This article was written as part of The FrankenPod’s exploration of Frankenstein or The Modern day Prometheus and it’s author Mary Shelley.
This is not going to be a bio of Mary Wollstonecraft or an impartial critique of her works and impact. No this is going to be a straight-up piece of hero worship. There aren’t many heroes in the text of Frankenstein or surrounding its author. But Mary Wollstonecraft, Mary Shelley’s mum who she never really met is a force to be reckoned with. Her legacy looms large in Shelley’s life, with the author often remarking on the expectations that she would do great things because of her lineage. Whilst William Godwin, Shelley’s father lived long enough to grow conservative and gradually let his radical views fall by the way-side, Mary Wollstonecraft did not have that chance, as she died, still a relatively young woman, from complications after giving birth to Mary Godwin (later Shelley).
Mary was not Wollstonecraft’s first daughter, she had a daughter named Fanny who she raised as a single mother at a time when that was just not the done thing. She felt no need to become attached legally to the fathers of her children but did marry Godwin prior to Mary Shelley’s birth. She believed strongly in female emancipation and the necessity of educating girls so that they were not dependent on husbands or other male family members. Her most notable work is probably “A Vindication of The Rights of Woman” which was a follow up to her original work “A Vindication of the Rights of Man”. “A Vindication of the Rights of Woman” laid out an amazing protofeminist agreement for, not only the reasons that women should be educated, but that girls had been socially conditioned into being demure, fragile “idiots”. It is a thrilling book to read when you put it into the context of its time. She was telling the reader, who at that stage was assumed to be a man due to the low levels of female literacy, that female education and empowerment was their problem too, and that they should be encouraging their sisters, wives and daughters to take an interest in things outside the domestic sphere.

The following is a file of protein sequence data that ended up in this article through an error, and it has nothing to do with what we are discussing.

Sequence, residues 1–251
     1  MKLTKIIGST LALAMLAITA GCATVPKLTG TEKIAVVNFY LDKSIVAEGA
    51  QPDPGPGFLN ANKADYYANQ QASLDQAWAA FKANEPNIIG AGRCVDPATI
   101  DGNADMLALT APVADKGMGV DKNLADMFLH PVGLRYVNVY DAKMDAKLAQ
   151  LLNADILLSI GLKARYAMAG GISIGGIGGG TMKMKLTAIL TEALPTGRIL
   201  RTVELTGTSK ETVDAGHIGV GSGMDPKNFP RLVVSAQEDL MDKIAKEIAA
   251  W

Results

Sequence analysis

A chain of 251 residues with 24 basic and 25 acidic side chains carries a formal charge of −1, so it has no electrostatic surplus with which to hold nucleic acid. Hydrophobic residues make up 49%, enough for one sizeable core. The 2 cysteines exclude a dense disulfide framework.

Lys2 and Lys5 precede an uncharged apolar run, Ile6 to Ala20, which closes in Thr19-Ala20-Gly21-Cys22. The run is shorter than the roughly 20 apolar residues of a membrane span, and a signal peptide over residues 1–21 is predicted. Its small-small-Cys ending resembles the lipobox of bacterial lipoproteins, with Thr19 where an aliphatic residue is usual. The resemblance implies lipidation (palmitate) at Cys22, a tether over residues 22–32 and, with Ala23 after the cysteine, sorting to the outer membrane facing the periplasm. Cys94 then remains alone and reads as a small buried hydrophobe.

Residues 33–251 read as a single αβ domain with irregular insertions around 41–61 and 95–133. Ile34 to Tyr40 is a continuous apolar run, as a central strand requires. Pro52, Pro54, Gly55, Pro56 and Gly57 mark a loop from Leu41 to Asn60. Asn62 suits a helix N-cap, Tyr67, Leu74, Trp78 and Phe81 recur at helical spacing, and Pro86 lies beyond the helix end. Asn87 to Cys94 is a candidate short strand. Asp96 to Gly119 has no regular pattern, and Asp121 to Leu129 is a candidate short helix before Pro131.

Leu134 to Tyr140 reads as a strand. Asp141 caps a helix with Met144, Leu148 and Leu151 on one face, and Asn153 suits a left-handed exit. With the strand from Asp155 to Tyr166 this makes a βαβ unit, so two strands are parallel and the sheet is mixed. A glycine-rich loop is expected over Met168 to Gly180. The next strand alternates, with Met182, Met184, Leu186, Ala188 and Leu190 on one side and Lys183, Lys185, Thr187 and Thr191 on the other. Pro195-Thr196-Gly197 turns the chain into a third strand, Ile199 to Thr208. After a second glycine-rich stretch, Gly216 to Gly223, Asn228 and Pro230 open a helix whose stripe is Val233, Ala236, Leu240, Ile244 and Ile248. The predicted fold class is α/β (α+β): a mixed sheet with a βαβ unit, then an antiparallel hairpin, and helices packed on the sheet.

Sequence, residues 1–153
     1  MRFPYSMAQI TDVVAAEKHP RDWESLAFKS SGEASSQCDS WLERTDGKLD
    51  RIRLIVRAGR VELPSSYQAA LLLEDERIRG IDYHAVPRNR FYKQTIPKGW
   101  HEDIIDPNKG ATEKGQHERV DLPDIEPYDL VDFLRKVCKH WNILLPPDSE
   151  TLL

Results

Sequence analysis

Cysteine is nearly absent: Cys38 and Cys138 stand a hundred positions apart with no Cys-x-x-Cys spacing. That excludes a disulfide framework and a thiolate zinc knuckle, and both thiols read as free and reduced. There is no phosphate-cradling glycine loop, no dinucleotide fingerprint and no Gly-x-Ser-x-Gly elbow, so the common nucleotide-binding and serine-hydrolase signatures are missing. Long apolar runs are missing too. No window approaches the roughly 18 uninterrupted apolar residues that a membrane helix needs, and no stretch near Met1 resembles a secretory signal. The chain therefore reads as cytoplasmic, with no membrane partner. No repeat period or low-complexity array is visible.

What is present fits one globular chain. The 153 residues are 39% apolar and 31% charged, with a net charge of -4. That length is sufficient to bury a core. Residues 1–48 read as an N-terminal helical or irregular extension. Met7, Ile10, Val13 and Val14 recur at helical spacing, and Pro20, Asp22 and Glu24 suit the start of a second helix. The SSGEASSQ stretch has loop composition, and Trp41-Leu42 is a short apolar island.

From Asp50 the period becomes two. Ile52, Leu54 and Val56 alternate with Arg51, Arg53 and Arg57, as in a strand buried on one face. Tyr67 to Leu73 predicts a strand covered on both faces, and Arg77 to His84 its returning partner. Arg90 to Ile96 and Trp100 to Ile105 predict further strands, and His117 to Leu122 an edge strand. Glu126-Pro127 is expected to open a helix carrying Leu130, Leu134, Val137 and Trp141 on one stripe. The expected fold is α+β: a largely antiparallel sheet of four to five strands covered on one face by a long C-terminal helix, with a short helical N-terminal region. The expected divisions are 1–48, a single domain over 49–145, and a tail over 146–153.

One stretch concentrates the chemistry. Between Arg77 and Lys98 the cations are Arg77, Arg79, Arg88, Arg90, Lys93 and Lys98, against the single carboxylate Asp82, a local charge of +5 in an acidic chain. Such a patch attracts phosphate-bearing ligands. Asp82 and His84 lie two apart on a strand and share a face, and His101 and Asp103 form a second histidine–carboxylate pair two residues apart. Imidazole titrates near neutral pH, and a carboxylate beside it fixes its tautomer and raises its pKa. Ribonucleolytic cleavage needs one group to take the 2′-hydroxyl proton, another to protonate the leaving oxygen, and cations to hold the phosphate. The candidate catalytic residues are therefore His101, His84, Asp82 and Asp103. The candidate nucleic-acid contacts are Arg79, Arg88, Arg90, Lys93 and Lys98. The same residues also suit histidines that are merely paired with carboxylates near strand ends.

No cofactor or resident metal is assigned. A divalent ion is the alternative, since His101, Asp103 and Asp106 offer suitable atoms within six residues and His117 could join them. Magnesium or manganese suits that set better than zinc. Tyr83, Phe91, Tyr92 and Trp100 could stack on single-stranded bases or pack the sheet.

She was in France during the French revolution, she had many affairs and she also had a friend named Fanny Blood (which is an AMAZING name might I add) in her youth and they had that type of intense friendship that can become completely co-dependent until Fanny died.
This is basically turning into a non-chronological list of why I love Mary Wollstonecraft. Her novel “Maria: Or the Wrongs of Woman” (1798) is a tragedy that also serves as a damning indictment of the power imbalances in marriage, with men being literally able to lock up their wives under the pretence of them being hysterical. She was also a prolific letter writer, whose letters were published in volumes that sold remarkably well.
I’m going to come back to Wollstonecraft again another day because she is just so important to not only the creation of Frankenstein, but crucial to early feminism.
We owe so much to her. Let’s try not to forget her.